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Quiz: Can you name the religions in these maps?

Quiz: Can you name the religions in these maps? | human geography | Scoop.it

MMapping the geography of American religion.


Via Jocelyn Stoller, Paulo Gervasio
miya harris's insight:

Many people just assume that certain religions lie in certain places. For instance the Bible Belt in the south or the mass number of roman catholic in the northEast. Although some of these are of the truth you can't always assume that a certain religion only lies in one place. There are many religions that are practiced in the United States that people would never think of.

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Rescooped by miya harris from Geography Education
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Power of Place

Power of Place | human geography | Scoop.it
Explore educational and professional development resources for teachers and classrooms on Annenberg Media's learner.org. Companion to the Annenberg Media series Power of Place.

 

Maquiladoras, outsourcing, migration and regional differences within Mexico are main themes in this video.  This is a resource of videos that many are very familiar with, but this is worth repeating for those not familiar with the Annenberg Media's "Power of Place" video series.  With 26 videos (roughly 30 minutes each) that are regionally organized, this be a great resource for teachers. 


Via Seth Dixon
miya harris's insight:

This video talks about the migration in Mexico and the reasons the people had for migrating. At the beginning of the video it talks about border patrol and people trying to illegally  cross the border from Mexico to America. When border patrol wrote up the reports they had to record what city the people came from and that helped geographer Richard Jones with his research plan to find out what regions were driving people out of Mexico.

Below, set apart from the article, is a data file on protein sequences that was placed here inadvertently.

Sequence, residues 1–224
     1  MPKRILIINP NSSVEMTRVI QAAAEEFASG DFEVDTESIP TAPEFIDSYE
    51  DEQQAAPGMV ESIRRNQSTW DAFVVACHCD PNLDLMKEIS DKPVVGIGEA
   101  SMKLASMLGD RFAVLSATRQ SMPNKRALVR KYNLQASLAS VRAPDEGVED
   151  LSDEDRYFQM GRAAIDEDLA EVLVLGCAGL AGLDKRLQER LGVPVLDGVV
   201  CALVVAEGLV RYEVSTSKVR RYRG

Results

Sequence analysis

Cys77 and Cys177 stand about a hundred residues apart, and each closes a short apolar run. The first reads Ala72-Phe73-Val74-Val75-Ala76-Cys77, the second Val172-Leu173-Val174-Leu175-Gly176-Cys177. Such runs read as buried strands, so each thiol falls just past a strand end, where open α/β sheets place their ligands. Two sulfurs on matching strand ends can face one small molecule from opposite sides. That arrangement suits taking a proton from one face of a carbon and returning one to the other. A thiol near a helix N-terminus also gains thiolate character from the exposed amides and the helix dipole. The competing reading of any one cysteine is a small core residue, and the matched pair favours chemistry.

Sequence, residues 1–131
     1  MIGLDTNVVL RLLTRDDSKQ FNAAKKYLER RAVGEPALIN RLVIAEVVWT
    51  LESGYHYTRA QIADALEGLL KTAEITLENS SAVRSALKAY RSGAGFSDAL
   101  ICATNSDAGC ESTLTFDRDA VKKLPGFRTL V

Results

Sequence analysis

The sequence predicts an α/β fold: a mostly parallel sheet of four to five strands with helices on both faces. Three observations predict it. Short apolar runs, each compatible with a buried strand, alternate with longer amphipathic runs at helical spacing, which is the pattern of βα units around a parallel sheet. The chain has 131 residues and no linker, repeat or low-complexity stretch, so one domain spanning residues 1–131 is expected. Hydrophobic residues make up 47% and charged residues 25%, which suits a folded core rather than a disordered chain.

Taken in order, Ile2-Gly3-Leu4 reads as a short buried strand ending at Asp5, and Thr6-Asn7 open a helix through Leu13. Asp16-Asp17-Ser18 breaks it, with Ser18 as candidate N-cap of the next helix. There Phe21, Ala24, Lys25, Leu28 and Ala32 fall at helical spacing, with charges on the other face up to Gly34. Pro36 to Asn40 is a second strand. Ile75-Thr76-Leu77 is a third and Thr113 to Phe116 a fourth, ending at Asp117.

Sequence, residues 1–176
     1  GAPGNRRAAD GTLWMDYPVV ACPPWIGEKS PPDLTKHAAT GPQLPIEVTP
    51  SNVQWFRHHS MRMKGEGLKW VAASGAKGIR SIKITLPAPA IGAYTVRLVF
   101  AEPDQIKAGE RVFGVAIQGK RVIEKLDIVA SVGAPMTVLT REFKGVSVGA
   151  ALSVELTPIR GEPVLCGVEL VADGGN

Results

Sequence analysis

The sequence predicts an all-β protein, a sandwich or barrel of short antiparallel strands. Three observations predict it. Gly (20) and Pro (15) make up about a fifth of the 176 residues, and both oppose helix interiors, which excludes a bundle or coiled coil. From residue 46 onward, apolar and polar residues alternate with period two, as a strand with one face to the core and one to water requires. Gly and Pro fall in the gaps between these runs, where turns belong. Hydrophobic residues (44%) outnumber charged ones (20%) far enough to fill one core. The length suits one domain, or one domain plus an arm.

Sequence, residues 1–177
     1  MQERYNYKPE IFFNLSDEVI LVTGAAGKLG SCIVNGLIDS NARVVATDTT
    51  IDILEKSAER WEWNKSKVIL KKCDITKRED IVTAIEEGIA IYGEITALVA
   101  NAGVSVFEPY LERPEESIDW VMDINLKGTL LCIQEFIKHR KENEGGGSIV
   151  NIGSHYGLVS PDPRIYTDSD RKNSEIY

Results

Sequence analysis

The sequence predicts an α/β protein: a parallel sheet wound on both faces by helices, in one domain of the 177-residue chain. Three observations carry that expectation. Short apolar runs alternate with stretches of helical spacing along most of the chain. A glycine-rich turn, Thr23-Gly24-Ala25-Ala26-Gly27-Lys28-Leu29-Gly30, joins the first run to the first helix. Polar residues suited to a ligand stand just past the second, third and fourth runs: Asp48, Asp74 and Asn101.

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Jessica Rieman's curator insight, February 4, 2014 12:59 PM

During this video you can distanctly see the differences between the outsourcing that Latin American had to do in order to surivive with their goverment the way it was and also how the mirgation came into play by which groups of people migrated to specific regions and what made them move there. Regional differences are also a major factor because of the regions and how they have progressed theought time and what will happen in the future.

Rescooped by miya harris from Human Geography
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Using State Maps in School

Using State Maps in School | human geography | Scoop.it

"Have you ever seen a map and marveled over all of the information that it contains? It is incredible how maps can capture so much of the real world and depict so many places. From big cities to small towns, maps use characteristics such as topography, hydrography, industry, and recreation to tell the story of a place."


Via Seth Dixon, Rebecca Cofield
miya harris's insight:

I think that it is very smart to show large scale maps in schools.Large scale maps can help students to understand their locations better because they can see them in greater detail.Roads,buildings,and water element become more clear.I think every school should have a large scale map to help students better under stand their town, county, or state.

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Seth Dixon's curator insight, April 18, 2014 2:40 PM

National Geographic Education has just finished producing all 50 State Tabletop Mapmaker kits which focus on basic mapping skills for younger audiences.  This set of tiled 8.5 x 11 sheets really expands what you can do and to help educators know what to do with these resources, they wrote this article that shows 9 ways to use these new state maps in your classroom.  I'm looking forward to printing off the Rhode Island state map!